Law & Principles , Culture and the Family
Trent England | April 2, 2020
Shutdowns: What’s the point?
Early in the Old Testament, God gives Moses rules for sacrifices. Yet in the Psalms, the value of sacrifices is called into question. And in the New Testament, the experts on those rules get some very harsh treatment. What is going on?
As human beings, we easily confuse ends with means. The rules for making sacrifices were a means—a process—for worshiping God. The end—the purpose—was to glorify God. The purpose was not memorizing rules, checking boxes, or a power trip.
Rules or laws are always a means to some other end. This fact is particularly important amidst a crisis, when governors and mayors are making law by decree. Under normal circumstances, such decrees would be obvious tyranny. In the face of a global pandemic, they may be necessary. But those making the rules, and those enforcing them, should keep the end in mind.
The purpose is to reduce the number of people who will die, or fall grievously ill, from the virus. The means may include shutting down businesses or “social distancing” measures. But shutdowns and misery are not the point, right?
Some people seem confused. The City of Norman demands that a small recycling company shut down. The city’s “shelter-in-place” order seems to exempt waste management companies and there is no indication of any safety risk. But someone in government has decided to zealously enforce their interpretation of the rules.
In my experience, some everyday people are even worse than the bureaucrats. I saw a post on Facebook from a single mom who was verbally attacked in a grocery store for shopping with her child. She had no choice—and children face almost no risk from COVID-19—but some nosy neighbor decided to flaunt her own perceived virtue as a good rule follower. The mother broke down in tears.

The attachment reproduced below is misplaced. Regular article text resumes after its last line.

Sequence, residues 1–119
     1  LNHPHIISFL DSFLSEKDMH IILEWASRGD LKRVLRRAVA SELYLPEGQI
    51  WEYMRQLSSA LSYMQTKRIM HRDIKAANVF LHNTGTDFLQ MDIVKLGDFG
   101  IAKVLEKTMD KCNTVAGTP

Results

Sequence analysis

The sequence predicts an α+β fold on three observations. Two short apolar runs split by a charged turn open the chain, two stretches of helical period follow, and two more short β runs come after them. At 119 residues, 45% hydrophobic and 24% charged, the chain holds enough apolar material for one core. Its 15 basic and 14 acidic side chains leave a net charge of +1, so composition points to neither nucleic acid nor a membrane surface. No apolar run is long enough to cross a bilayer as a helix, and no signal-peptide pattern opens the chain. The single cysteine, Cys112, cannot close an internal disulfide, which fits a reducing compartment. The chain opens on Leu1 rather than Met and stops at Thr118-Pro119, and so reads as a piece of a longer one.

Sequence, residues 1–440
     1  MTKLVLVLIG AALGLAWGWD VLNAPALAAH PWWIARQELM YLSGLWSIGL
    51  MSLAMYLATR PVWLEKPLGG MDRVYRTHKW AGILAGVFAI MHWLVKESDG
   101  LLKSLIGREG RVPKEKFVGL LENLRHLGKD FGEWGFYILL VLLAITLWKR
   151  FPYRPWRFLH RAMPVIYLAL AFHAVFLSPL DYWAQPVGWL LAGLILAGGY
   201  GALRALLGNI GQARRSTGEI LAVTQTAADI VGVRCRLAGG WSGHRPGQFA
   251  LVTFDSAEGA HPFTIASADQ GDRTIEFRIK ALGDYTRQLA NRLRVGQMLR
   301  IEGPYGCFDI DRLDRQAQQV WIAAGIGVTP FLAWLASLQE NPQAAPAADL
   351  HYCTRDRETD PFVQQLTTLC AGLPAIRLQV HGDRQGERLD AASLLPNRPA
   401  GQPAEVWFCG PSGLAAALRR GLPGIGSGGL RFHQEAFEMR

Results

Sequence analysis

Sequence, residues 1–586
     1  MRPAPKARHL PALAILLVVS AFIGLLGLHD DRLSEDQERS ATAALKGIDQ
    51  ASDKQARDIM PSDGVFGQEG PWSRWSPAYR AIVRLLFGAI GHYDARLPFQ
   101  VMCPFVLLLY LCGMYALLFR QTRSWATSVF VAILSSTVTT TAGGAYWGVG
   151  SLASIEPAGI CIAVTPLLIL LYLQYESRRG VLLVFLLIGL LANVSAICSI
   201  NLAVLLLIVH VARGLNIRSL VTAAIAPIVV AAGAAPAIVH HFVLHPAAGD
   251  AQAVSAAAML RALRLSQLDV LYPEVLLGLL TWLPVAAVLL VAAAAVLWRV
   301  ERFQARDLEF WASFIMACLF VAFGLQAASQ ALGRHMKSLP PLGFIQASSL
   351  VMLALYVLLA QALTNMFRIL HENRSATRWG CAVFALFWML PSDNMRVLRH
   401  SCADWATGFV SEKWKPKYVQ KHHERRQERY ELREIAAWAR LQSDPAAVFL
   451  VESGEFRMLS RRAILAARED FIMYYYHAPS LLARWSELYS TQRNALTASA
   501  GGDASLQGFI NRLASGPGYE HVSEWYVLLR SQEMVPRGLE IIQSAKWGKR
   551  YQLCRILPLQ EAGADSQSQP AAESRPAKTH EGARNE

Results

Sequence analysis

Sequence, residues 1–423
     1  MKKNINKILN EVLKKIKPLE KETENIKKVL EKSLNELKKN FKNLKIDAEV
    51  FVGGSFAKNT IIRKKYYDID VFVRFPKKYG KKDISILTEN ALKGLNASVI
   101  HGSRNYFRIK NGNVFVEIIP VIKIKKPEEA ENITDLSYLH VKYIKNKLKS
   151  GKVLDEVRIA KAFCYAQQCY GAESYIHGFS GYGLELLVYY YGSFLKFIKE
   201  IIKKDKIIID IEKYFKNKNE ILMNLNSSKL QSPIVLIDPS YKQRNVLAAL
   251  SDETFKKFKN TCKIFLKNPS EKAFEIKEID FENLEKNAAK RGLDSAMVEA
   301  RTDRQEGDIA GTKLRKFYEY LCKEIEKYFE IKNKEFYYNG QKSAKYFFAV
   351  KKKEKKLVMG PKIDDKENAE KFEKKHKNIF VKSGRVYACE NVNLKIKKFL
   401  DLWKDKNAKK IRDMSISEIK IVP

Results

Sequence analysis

A woman on Twitter was upset that some golf courses are still open. I asked her why they should be closed, if they can operate safely (which seems easy for a golf course, and very easy at a traditional driving range). Her answer was that they should be closed because they are “not essential.” In other words, she was focused on rules rather than health.
Sometimes we contrast the “letter of the law” with the “spirit of the law.” Many American patriots justified revolution based on the idea that the British system was failing to achieve its own purpose of providing representation and establishing justice. Others, like Alexander Hamilton, pointed out that all laws must conform to a proper end. He wrote:
“In short, when human laws contradict or discountenance the means, which are necessary to preserve the essential rights of any society, they defeat the proper end of all laws, and so become null and void.”
Stopping the worst ravages of this virus is an important task for all Americans, including our government officials. Carrying out the sacrifices was the essential job of Israel’s priests. In either case, the importance of the task provides no excuse for turning the process into a bureaucracy where the means become more important than the ends.
David and Ann Brown Distinguished Fellow
Trent England is the David and Ann Brown Distinguished Fellow at the Oklahoma Council of Public Affairs, where he previously served as executive vice president. He is also the founder and executive director of Save Our States, which educates Americans about the importance of the Electoral College. England is a producer of the feature-length documentary “Safeguard: An Electoral College Story.” He has appeared three times on Fox & Friends and is a frequent guest on media programs from coast to coast. He is the author of Why We Must Defend the Electoral College and a contributor to The Heritage Guide to the Constitution and One Nation Under Arrest: How Crazy Laws, Rogue Prosecutors, and Activist Judges Threaten Your Liberty. His writing has also appeared in the Wall Street Journal, USA Today, Washington Times, Hillsdale College's Imprimis speech digest, and other publications. Trent formerly hosted morning drive-time radio in Oklahoma City and has filled for various radio hosts including Ben Shapiro. A former legal policy analyst at The Heritage Foundation, he holds a law degree from The George Mason University School of Law and a bachelor of arts in government from Claremont McKenna College.